4 steps to start Closing Circle in the elementary classroom

Closing Circle in the classroom

Answer all your questions about Closing Circle activities and Responsive Classroom ideas for elementary students.
The end of the day used to be chaotic for my students and me. I would be teaching, and suddenly the bell would ring. We would rush to pack up all our belongings. Students would forget to stack their chairs, leave homework on top of their desk, and leave the room in complete chaos. There's no time to tidy up when you have a bus to catch! Does this sound familiar in your classroom? Starting closing circle taught my students and me that we could end the day as a community.

No matter how rough the day has gone, closing circle allows a class to reflect and end on a positive note. It continues to give students a sense of belonging, meaning, and significance. Every morning we hold a morning meeting to set the tone for the day- shouldn't we finish the day on a positive note as well? You can read more about morning meeting in my classroom here.

My closing circle originated from the closing circle that I learned through Responsive Classroom. Responsive Classroom is a teaching approach that focuses on social-emotional learning and academic success. If you are unfamiliar with it, I would highly recommend it. The First Six Weeks of School is a great place to start if you want to learn more about it. Responsive Classroom also offers Closing Circle: 50 Activities for Ending the Day in a Positive Way. Please note that all these links are Amazon Affiliates links. Some key parts of Responsive Classroom are Morning Meeting, Closing Circle, and Quiet Time (click for blog post links!).

Closing circle is something that can appear different for every teacher and grade. Closing circle may look completely different in your kindergarten or fifth-grade classroom - and that is okay! The important part is that closing circle is a community gathering where we celebrate the day and one another.  Please remember that I specifically discuss what I do in my third-grade classroom.

Below, I listed five ways to easily implement closing circle in your classroom.

STEP 1: Find time

Closing circle only takes five to ten minutes. Yes, the time can add up quickly over the course of the year. But I will never regret missing five minutes of class. And let's be honest, how productive is a lesson at the very end of the day anyway? Students are already struggling to stay focused, wondering who is picking them up from school, thinking about a soccer practice that night, or are hearing their grumbling tummy ready for an afternoon snack. Invest in the time for closing circle- you WILL see a result in creating a sense of peace and community at the end of the school day.

STEP 2: Brainstorm rules & expectations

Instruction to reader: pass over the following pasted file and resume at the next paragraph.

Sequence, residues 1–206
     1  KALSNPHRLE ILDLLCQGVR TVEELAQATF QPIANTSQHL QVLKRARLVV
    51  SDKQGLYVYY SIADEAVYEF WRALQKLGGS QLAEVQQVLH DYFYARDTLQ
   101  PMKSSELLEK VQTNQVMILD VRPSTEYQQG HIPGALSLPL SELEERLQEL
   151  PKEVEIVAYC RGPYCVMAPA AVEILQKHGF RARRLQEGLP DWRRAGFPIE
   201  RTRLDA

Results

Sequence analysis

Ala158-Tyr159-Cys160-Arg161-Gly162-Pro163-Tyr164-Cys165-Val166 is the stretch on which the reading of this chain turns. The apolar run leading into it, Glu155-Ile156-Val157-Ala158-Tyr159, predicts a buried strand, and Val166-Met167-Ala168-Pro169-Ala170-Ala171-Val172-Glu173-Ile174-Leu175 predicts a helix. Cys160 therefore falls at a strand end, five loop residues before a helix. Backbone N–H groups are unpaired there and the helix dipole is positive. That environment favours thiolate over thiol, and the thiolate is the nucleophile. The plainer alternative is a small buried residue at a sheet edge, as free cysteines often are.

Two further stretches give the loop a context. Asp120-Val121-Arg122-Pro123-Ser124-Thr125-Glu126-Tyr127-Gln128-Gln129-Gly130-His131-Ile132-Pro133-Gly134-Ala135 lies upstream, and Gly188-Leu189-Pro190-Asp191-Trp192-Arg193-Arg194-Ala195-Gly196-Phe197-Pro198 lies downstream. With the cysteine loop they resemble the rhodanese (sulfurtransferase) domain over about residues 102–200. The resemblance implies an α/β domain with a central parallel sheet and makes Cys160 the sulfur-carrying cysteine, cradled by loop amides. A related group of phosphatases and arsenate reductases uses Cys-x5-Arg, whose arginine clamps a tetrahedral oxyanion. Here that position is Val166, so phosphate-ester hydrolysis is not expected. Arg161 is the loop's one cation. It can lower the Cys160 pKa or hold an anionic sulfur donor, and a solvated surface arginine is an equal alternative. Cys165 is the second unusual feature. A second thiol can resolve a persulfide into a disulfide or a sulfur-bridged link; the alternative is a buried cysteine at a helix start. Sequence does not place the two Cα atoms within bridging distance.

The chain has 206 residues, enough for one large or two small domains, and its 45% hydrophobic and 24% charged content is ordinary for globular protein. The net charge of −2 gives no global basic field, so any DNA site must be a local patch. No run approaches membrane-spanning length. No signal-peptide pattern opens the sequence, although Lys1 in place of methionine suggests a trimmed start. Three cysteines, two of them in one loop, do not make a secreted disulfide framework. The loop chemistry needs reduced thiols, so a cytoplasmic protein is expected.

Answer all your questions about Closing Circle activities and Responsive Classroom ideas for elementary students.Before we ever start closing circle, I go over the expectations with my students. As a group we discuss what voice level we will need, and what closing circle looks like. Like any routine or procedure in class, we do interactive modeling. This means that students will be practicing and showing students what closing circle looks like. I NEVER have students demonstrate what it doesn't look like. We focus on the positives only. I am not simply showing students what to do, but instead giving students an active role so that I can assess their understanding.

One of my teammates once described interactive modeling as "pretend that your students are aliens that just arrived from another planet. You need to describe and show how to do an activity with them. Nothing is too specific. THAT is interactive modeling." A big idea in Responsive Classroom is the idea of "go slow to go fast," and I believe this is essential in every aspect of teaching.

I create two anchor charts with students. The first anchor chart describes what closing circle looks like and sounds like. The second anchor chart with the routine of closing circle. This way, students aren't raising their hands asking to share a celebration while we are still reflecting!

STEP 3: Teach closing circles routines

Below I listed the routine in my classroom. I would suggest following a similar structure (bringing kids together, reflecting on the day, a quick share, and a good-bye), but you could swap in whatever you would like! Some teachers like doing a fun game or activity at the end of the day. This has never worked well in my classroom, I find that students often get riled up or can bring hurt feelings over not winning a game into the end of the day. That's not what I want - I want the end of the day to end on peace and inclusion!

PART 1: Get kids seated